A Common sense approach to prevent tool loss
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A Common sense approach to prevent tool loss

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Jake Schell is the associate product manager for Mitchell 1’s Commercial Vehicle Group.

Looking through engine service information recently, a caution statement to “remove all tools after work is completed” brought about a reflection of loss, namely the loss of hand-tools. No technician wants to lose any tools. Not only are tools expensive, the tech depends on them to get the job done.

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Nevertheless, when working on vehicles, somehow tools get lost from time-to-time. If I had the cash value in my hand for every screwdriver that went missing from my toolbox, well, let’s just say it would be a welcome chunk of change. Screwdrivers just have a way of blending into the under-hood landscape, the virtual Chameleons of the tool world.

Of course, there are other hand tools that vanish; wrenches and sockets are particularly painful to find missing. It’s pretty painful to hear a socket fall down into a location that can’t be seen or reached. But when that tool is misplaced and forgotten, it generally means buying a replacement.

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Keeping a running tool inventory is one way to keep track of hand-tools. Most technicians take pride in having an organized toolbox. The various tools are kept in distinct locations and orders that the technician finds the most efficient. Granted, a catch-all drawer for stuff too important to throw out is typical (such drawers are not limited to toolboxes either).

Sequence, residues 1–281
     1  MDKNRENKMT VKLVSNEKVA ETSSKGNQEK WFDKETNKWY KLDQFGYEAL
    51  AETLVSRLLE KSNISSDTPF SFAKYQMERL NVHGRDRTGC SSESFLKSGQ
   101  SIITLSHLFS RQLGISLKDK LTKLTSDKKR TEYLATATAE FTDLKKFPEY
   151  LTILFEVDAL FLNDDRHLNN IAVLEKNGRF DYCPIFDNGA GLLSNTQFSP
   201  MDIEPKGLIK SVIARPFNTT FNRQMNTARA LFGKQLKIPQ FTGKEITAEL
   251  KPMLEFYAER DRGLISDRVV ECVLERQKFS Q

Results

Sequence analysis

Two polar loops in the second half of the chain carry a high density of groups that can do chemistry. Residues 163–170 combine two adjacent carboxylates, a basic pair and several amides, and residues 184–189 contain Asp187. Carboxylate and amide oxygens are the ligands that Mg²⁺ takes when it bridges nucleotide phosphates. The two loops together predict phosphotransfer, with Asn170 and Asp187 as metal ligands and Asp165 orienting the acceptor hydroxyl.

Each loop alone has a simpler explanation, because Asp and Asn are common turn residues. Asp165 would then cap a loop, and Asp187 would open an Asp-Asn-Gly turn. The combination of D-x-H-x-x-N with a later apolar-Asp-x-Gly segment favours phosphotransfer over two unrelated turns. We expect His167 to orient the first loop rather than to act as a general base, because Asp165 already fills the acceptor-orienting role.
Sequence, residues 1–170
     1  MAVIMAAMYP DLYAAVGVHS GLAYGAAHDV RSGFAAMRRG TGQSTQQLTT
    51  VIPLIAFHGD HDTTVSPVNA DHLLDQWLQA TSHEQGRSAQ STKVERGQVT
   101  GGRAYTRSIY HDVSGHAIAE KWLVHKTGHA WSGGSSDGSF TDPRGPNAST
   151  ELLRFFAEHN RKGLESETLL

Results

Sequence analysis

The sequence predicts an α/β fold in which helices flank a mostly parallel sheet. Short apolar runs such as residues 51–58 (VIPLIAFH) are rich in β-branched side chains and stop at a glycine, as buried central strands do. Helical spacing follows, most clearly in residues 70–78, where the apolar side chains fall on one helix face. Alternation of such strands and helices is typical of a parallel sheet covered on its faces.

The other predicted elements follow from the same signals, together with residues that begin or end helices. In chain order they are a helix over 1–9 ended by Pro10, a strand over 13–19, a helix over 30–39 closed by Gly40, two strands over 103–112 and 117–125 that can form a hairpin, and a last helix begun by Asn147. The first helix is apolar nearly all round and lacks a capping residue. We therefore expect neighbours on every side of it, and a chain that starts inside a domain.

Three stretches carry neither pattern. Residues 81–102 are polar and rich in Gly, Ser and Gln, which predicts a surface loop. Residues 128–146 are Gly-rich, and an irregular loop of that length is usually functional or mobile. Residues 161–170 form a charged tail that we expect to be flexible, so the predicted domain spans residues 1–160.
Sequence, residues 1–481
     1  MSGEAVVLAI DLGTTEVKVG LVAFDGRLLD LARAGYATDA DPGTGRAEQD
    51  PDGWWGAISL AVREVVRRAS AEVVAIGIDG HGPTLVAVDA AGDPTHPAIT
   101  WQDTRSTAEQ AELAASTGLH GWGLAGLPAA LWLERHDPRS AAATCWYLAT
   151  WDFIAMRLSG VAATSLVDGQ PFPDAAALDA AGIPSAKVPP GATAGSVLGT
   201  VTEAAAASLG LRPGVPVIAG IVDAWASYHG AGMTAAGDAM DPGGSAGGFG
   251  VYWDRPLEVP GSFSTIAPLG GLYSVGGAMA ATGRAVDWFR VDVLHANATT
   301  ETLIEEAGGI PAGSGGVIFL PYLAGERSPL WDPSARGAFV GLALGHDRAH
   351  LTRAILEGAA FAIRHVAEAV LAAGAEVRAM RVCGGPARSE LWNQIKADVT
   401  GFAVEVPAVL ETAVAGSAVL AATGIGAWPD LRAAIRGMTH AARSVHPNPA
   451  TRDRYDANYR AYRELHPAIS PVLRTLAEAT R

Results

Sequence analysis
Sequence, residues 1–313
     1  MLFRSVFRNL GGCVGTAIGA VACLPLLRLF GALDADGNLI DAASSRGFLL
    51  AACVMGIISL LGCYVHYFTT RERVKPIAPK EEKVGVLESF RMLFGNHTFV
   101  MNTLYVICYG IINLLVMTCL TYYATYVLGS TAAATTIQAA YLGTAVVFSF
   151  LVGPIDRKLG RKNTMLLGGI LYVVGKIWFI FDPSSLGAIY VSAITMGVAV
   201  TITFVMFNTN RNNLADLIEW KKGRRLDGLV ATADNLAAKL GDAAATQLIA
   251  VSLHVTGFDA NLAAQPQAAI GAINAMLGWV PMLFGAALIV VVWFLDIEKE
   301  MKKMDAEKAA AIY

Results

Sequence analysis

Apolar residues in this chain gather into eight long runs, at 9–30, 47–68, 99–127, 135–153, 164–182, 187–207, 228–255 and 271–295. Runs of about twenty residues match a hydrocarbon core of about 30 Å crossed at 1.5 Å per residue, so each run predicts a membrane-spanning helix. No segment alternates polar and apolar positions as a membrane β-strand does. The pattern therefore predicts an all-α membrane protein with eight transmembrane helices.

In any case, the tools get taken out of the box and used throughout the day. A full tool inventory may not happen until the end of a shift. Unfortunately, any misplaced tools could be laying along the road when inventory time comes along.

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One method to help combat tool loss is to carry the tool organizational approach over to a tool cart. It is fairly common to use a limited number of tools repeatedly every day. Using socket and wrench organizers that can be transferred over to the cart make it easy to have an ongoing tool inventory after each job.

Just as with the toolbox, the various tools can be arranged to where they are easily accessed and returned. Then, after completing a job, a quick visual inventory will help determine if all the tools used are off the vehicle.

Additionally, some may find that having a space on the cart to place tools in-use during a job helpful in keeping other tools clean. It becomes a simple matter to wipe down the tools used after a job and return them to the proper cart location.

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Overall, keeping tools organized throughout the day will be a significant aid in preventing tool loss. Not only that, keeping tools organized is professional and builds pride in the critical work technicians perform to keep trucks moving down the road.

Additional tips for repair and maintenance of Class 4-8 trucks may be found in the Mitchell 1 ShopConnection Truck blog.

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